Thinly sliced onions are important when cooking onions too. There are several ways to cook onions. You can sweat them which means you cook them at a moderately low temperature with the intention of gently cooking the onion to soften the texture, but you don’t want them to brown or get any color. As you are cooking onions in this manner, you’ll notice the steam rolling off the pan. This is the moisture coming out of (or sweating if you will) the onions. If you patiently continue this process, you can caramelize an onion. Basically you will sweat most of the water out of the onion which will concentrate the natural sugars left behind. When you do this, the onions will significantly decrease in volume and will turn to a golden brown color and be sweet and delicious. Onions are also delicious when roasted, grilled, and fried. In general, onions are more mild in flavor when cooked. The sulfur compounds in onions are what make an onion pungent and what causes us to cry while cutting them. When you cut into an onion and release these compounds they dissipate into the air.
Store onions in a cool dry place and out of direct sunlight. We store onions in our cold cooler at a temperature in the mid 30’s and low humidity. The humidity in most home refrigerators is too high to match our storage environment, so it’s best to store your onions out of the refrigerator. You may not have the “perfect” environment, but do your best and just keep an eye on your onions. If you notice them starting to sprout or form a bad spot…use them!
We hope you will embrace the diversity we have to enjoy as we eat onions throughout the season. If you don’t use them all throughout the course of your weekly cooking and you accumulate a large pile of onions, take the opportunity to try making something that requires a larger volume such as French Onion soup or an onion marmalade. You can also chop your onions however you are most likely to use them in the future and put them in a freezer bag in your freezer. Pull them out and use them throughout the winter!
We still have red & yellow storage onions, shallots and red Cipollini onions remaining to deliver. Watch for these selections later in the season and, as you prepare them, take a moment to appreciate the special place each onion variety holds in our seasonal eating adventure.
Lazy Cucumber and Onion Pickle
Yield: About 3 cups “These need about three hours for their cure and will stay fresh in the fridge for about a week.”
¾ pound cucumbers, unpeeled
1 sweet onion
Sea salt and freshly ground white pepper, to taste
1 Tbsp sugar
1 cup rice wine vinegar
1 tsp yellow mustard seeds
½ tsp celery seeds
¼ tsp ground turmeric
- Slice the cucumbers thinly crosswise, or at an angle if they are very slender. Slice the onion into thin rounds.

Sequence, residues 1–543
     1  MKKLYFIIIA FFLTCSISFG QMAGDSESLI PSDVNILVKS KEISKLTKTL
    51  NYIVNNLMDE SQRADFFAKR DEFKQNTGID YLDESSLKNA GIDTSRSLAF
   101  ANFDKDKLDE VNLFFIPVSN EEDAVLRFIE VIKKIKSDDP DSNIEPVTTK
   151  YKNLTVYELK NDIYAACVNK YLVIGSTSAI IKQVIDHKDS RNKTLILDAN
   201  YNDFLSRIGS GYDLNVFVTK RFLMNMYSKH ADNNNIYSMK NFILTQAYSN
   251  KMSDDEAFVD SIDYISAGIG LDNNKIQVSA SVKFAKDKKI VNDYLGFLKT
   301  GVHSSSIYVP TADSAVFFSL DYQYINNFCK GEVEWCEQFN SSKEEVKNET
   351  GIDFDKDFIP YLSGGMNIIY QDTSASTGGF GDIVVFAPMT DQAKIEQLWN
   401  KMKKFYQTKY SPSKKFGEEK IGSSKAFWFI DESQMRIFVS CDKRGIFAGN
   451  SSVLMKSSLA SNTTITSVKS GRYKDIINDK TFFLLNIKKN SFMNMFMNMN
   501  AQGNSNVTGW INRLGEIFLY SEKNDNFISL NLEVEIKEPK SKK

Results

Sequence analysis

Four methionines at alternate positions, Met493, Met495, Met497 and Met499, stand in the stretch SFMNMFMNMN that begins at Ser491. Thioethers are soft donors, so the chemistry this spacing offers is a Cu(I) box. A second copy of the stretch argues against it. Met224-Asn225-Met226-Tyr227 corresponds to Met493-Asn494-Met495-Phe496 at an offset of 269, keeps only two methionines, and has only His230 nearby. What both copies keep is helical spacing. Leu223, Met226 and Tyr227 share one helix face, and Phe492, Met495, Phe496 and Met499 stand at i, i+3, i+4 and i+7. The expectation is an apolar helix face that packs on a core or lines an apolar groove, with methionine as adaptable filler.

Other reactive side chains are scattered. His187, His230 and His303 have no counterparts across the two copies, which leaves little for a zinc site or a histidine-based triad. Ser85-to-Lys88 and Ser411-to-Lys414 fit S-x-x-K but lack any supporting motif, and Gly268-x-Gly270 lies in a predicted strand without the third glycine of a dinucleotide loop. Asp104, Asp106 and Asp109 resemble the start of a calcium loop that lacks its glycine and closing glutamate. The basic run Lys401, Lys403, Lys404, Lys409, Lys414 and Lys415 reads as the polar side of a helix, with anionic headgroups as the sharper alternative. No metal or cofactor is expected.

- Put ½ tsp salt, a few twists from the peppermill, and the sugar in a bowl large enough to hold the vegetables. Add the vinegar and 1 cup water and stir to dissolve the sugar and salt. Add the cucumbers, onion, mustard seeds, celery seeds, and turmeric. Press on the vegetables to immerse them in the liquid. (A plate set over the vegetables can help.) Cover and refrigerate for at least 3 hours.
This recipe was borrowed from Deborah Madison’s cookbook entitled Vegetable Literacy. You may eat these as a salad or as a condiment with sandwiches or wraps. We’ll be picking our second crop of cucumbers by the end of the week, so if you don’t have any cucumbers available this week hold on to this recipe for next week!
A Pizza in the Roman Way
Yield: One pizza, 8-9 ½ inches: There will be enough for two to four, depending on appetite and what else you have for the meal.
“In the pizzeria where I used often to eat when I spent a winter in Rome 25 years ago, by far the best pizza was spread only with onions stewed in olive oil and seasoned with oregano. The Romans themselves claim this as the only true pizza, and dismiss the tomato and mozzarella verison of Naples as a fanciful upstart.” —Elizabeth David from her cookbook, Elizabeth David on Vegetables
For a 8 ½ to 9 ½ inch pizza, the ingredients for the dough are:
1 generous cup plain unbleached bread flour
1 tsp of salt
¼ oz fresh yeast
2-3 Tbsp olive oil
4-5 Tbsp milk
1 whole egg
For the filling you will need:
1 ½ pounds of onion cut into fine rings
- Make sure the flour is at room temperature and mix in the salt.
- Mix the yeast to a cream with 2 Tbsp tepid milk. Break the egg into the center of the flour. Pour in the creamed yeast and 2 Tbsp of olive oil. Mix to a light soft dough. If too dry, add the rest of the milk and another tablespoon of oil. Form into a ball. Cover with a sheet of plastic wrap and leave in a warm place to rise. Allow 2 hours.
- While the dough is rising, stew the onions slowly, slowly, in fruity olive oil until quite soft and yellow. Season with salt and a good sprinkling of fresh oregano.
- When the dough is ready, that is when it has just about tripled in volume and is light and puffy, break it down, shape it into a ball, and pat it out into an 8 ½ inch disk on a perfectly flat, oiled fireproof baking stone or baking sheet.
- Spread the warm onions on the dough, leaving a little uncovered around the outer edge. Scatter a little more oregano and a little more olive oil over the filling and let rise for 15 to 20 minutes before putting it into the center of the oven to bake. Temperature should be fairly hot, 425°F, and the pizza will take 20 to 25 minutes to bake.